*Brian Wilcox. 'being a SunFlower, is being Love'. Flickr
The sunflower, a sign that cheers the soul.
Being a SunFlower can be as simple as a
word of caring, a gentle touch, a smile, a hug.
Being a SunFlower, is being Love.
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A continuance of dialogues with a sage who did not see himself as a sage, but others did; from Brian K. Wilcox. "Meetings with an Anonymous Sage."
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Sometimes, I feel a strong insecurity arise in meditation, and I feel like dropping all this spirituality and just living a normal life. I feel like, sometimes, I'm reaching into the darkness and nothing is there, that I'm going nowhere.
I encourage you to explore this thought of a normal life. Let us take a little time for you to go into silence and let the answers arise, simply repeat the questions internally once and see what response arises ~ I invite everyone here to engage in this self-inquiry ... Have I ever seen what would be the normal life? ... Can life be normal or not normal? ... Is this wish for the normal life a fantasy of something that I think must be better than the life I have now? ... In wanting a normal life, am I confirming myself as separate from life? ... Can I be grateful for life, while wishing for another life? ... Hopefully, you will come to see, if not already, to know with full conviction, that you do not have a life. You are life, life is you. Look closely, inquire ... "Where do I end and life begins?"
Regarding insecurity, insecurity is an invitation to this moment, to this moment you return to, but you have never left. Here, is life, nowhere else, not in another worse or better life ~ such does not exists. The feeling is a call home to where you are, rather than to a place you think you would rather be; it is an opportunity to be honest.
Honest about what?
Years ago, I read a writer share of her picking up a German art postcard at a gift shop. She said it was a dreamlike painting. A tightrope walker steps, step-by-step, in the night sky, walking, it seems, toward a full moon. One end of the rope is attached to the roof beam of a house, from which the walker has left, while the other end is held aloft in his hand, attached to nothing.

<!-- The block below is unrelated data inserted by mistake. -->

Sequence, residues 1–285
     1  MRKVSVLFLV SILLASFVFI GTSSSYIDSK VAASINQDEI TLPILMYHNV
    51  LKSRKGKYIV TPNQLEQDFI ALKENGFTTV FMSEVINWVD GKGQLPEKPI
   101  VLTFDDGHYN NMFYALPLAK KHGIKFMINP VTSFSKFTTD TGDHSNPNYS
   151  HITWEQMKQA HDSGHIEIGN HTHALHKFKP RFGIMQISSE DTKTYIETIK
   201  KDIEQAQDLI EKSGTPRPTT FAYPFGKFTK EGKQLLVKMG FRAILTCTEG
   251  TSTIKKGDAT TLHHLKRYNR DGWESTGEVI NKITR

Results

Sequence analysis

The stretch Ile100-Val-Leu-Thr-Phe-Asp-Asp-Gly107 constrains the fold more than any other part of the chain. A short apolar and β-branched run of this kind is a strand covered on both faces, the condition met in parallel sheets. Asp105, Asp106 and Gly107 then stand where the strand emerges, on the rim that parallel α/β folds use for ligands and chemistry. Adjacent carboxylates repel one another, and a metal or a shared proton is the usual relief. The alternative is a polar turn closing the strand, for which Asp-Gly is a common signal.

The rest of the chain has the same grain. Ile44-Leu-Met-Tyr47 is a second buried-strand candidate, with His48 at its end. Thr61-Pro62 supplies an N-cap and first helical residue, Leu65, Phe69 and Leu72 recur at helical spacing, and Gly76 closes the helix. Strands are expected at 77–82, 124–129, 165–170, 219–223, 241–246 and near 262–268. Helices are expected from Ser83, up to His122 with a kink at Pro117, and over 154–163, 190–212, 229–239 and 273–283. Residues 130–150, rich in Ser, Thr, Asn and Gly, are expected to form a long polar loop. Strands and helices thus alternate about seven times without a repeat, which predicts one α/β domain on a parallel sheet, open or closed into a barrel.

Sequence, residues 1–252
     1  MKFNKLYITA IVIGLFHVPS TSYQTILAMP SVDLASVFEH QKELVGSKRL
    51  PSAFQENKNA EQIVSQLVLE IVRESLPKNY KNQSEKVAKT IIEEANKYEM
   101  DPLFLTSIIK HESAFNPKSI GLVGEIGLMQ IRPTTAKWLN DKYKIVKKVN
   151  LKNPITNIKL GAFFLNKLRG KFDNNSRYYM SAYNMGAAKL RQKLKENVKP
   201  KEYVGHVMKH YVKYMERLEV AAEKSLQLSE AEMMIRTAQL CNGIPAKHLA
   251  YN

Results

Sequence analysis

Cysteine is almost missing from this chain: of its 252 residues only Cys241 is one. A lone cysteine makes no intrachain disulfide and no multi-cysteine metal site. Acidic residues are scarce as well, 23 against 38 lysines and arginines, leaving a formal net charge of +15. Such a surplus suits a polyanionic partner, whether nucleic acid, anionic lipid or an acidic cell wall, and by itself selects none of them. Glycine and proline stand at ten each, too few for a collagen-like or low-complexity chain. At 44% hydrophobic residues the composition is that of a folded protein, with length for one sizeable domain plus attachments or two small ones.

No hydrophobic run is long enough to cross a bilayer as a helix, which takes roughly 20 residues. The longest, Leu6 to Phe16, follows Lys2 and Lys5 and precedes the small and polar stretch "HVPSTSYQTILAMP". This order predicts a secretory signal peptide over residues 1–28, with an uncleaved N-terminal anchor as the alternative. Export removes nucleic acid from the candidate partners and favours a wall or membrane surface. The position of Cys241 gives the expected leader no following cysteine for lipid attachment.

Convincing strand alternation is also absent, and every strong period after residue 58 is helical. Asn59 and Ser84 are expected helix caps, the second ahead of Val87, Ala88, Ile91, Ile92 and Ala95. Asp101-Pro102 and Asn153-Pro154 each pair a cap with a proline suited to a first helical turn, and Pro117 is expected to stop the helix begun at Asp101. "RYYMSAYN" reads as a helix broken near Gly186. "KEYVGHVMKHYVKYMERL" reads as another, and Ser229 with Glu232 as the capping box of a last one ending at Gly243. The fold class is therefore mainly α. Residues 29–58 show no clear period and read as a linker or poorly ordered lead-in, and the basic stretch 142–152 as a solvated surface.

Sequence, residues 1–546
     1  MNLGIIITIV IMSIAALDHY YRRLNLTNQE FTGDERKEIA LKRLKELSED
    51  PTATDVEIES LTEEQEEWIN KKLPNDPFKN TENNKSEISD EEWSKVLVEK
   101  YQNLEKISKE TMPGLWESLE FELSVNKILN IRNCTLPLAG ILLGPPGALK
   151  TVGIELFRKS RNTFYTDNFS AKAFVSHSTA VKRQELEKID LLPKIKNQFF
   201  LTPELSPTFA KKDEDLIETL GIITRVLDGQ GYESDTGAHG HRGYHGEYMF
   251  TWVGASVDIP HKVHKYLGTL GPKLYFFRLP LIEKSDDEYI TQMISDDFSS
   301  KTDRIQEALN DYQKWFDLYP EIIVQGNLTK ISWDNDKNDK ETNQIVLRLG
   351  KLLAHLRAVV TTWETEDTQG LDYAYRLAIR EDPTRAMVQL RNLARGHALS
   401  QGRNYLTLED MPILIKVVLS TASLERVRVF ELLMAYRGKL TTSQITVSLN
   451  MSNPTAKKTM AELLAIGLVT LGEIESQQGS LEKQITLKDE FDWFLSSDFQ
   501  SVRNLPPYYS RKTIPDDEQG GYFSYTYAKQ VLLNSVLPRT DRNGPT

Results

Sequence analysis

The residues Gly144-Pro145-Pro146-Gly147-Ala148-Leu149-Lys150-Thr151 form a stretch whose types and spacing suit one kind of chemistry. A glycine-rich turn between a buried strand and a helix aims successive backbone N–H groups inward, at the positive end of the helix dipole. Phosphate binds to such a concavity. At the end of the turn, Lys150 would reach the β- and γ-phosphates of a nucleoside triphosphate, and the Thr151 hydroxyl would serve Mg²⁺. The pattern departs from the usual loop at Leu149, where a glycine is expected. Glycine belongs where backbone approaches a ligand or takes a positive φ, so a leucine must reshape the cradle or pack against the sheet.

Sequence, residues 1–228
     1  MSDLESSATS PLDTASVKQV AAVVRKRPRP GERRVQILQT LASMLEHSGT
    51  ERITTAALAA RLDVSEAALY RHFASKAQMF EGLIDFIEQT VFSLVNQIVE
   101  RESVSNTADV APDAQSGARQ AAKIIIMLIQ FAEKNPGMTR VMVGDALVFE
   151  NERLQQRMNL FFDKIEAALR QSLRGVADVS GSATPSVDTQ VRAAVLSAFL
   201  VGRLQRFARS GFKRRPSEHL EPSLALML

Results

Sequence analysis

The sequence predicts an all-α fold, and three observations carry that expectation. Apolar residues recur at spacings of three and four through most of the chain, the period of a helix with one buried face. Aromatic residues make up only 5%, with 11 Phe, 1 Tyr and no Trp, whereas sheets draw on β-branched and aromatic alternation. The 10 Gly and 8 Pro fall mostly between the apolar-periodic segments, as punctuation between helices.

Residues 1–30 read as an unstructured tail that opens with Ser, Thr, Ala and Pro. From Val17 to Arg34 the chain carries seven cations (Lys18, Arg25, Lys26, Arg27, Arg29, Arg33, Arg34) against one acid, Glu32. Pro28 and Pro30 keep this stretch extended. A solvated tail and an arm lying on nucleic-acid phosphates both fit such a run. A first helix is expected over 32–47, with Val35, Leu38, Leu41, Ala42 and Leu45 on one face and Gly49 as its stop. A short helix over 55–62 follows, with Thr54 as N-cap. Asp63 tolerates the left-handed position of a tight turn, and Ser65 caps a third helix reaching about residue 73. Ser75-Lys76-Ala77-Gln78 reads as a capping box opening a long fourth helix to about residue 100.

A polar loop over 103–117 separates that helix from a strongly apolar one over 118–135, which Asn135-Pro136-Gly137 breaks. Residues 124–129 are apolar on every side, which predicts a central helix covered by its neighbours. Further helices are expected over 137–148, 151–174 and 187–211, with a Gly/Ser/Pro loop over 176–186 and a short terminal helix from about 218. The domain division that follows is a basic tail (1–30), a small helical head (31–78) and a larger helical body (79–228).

You're saying I'm like that tightrope walker?
We are. In life, generally, we do not know what is about to happen. On the spiritual path, likewise. If we can be said to be going anywhere, we are always returning to where we are. Where the tightrope walker is is always a step into the emptiness. The path does not appear apart from the step. This feeling of frustration of appearing to go nowhere, and of not knowing where we are and what is happening, is part of the way we are being taught the wisdom of going nowhere. Since you are always here, you never go anywhere. The now, which you cannot escape, is never a where, a when. Even to say "now" is fallible.
So, insecurity is the path, in a sense, and I need to accept that?
Insecurity is not the path, for insecurity as you speak of it is an emotional reaction to reality. The sign of the tightrope walker is simply to walk, not knowing what is happening, so being fully present step-by-step, now to now to now. The path is step-by-step, now-in-now, we are always stepping into the unknown, returning to where we are. Yet, you cannot say, "I will bargain with life, so life will protect me, life will cuddle me like a baby." You feel cared for by the path, only when you choose to be caring, even as you feel loved, when you love. Risking a misleading dualism, I urge you to consider that life is not here to serve you, you are here to serve life. If this is so, if you want to feel cared for, comforted, so care for, comfort, someone else. The Universe is like hug-sharing. When you hug someone, you cannot not be hugged, it is really a single hug.
So, accepting this insecurity is the first step to security?